Depression and Low Back Pain


I just did one of those continuing medical education courses — in psychiatry, my very own field no less. It says that people who get a bout of depression are twice as likely to get a bout of back pain. What I read is a meta-analysis.  That means some clever person who probably needed the publication on his (or her) resume did a statistical (and critical) analysis of research other people did. This a noble attempt to asymptotically approach “the Truth and the Light” on a subject. It is also a delightfully erudite way to do research and get a publication without using a lot of time and money that the author had to scrape up.

Look, the relationship between depression and low back pain is something I have seen from every imaginable angle. As a neurosurgeon, it did not take me terribly long to figure out that surgery was not a very good solution for back pain. Of course, we rigorously restricted ourselves to operating focalized sciatica.  Cases where we could reasonably infer that an intervertebral disc seemed to be compressing a distinct (lumbar) nerve root that formed part of the sciatic nerve (plexus) that descended from the spinal cord to the leg and foot. There was the physical examination.  If someone were lying flat on his (more rarely, her) back and their straight leg was raised toward the ceiling, pain would appear on a trajectory anatomically consistent with one of those nerves. This was the sign of Laseque.  And we took it to be as solid as money in the bank.

There was myelographic evidence.  An X-ray study where the only way to see things like discs between the vertebrae (which, except in cases that included the worst calcifications imaginable, were never bad enough to show up on a regular type X-ray) was with a myelography, using either injected gas or injected contrast material to get the X-ray. Getting such X-rays often involved whipping people around in various postures using specialized chairs. This was a matter for specialized neuroradiologists, who somehow always seemed to bar me from observing such procedures. I remember the joy of being able to abandon such rooms when scanning technology improved.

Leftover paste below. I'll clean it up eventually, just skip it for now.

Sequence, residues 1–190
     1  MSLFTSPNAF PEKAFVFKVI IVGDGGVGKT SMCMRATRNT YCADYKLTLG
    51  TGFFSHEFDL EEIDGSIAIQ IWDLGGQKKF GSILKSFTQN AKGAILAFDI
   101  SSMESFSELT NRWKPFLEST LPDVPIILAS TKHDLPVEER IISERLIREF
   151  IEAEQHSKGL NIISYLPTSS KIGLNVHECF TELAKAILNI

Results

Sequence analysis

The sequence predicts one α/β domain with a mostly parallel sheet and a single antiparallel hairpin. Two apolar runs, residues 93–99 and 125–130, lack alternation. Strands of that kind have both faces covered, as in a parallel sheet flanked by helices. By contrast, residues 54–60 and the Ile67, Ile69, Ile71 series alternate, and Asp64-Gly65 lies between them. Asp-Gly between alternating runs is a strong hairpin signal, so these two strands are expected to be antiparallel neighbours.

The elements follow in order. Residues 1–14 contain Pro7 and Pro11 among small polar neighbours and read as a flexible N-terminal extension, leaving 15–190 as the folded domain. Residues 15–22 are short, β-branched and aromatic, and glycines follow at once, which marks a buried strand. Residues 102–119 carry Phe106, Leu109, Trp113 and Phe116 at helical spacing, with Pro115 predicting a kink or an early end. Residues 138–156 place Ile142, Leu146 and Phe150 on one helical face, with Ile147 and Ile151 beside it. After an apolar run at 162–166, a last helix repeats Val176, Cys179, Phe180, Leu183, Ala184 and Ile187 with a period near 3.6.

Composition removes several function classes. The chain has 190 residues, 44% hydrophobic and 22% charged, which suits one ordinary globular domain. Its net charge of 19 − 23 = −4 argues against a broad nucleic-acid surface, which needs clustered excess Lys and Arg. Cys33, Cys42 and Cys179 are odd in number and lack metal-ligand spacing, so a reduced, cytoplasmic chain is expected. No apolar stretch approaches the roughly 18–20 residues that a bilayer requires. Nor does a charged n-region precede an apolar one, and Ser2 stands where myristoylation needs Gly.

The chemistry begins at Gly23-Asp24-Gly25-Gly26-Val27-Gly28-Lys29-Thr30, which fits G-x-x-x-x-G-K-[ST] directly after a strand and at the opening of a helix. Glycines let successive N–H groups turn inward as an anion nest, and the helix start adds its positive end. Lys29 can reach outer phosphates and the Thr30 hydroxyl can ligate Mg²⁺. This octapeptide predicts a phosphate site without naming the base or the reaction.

In the final analysis, nobody could be quite certain of what they were doing until we got to the operating room.  Non-correlation of clinical and (allegedly) anatomical data with what we saw there was more the rule than the exception. My chief would seem able to pick out who would do poorly before the operation. All he had to do was say “C’est un psi,”  meaning “they’re psychiatric,” and we all knew we were headed for (what the patient would doubtless consider) rotten surgical results. All of this has to do with sciatic pain.  The kind of pain that starts in the back and descends to the foot or leg.

There are overwhelming numbers of folks who have back pain that starts in their back and goes no place in particular.  They sometimes make it to doctors and never make it to surgeons. Mostly, I think, they just stay home and complain. My mother of blessed memory took advantage of every birthday of my lifetime to remind me that I had ruined her back for life because of my kicking and fussing when I was delivered. The fact I was in no way sentient and not in control of my actions at the time was (of course) in no way to be considered an acceptable excuse. I had my first bout of back pain when I was in prep school.  Nothing too serious, but I was not going to take any pills for it, as I found that sort of behavior escalated rapidly, seemingly more so among women. My family physician applauded my aversion to pain medicine. He told me lots of women wore “a good, firm girdle” for that sort of thing, and I could seek consultation from my mother. Since she generally complained her girdle caused more pain, it was not hard to determine this would be a losing proposition.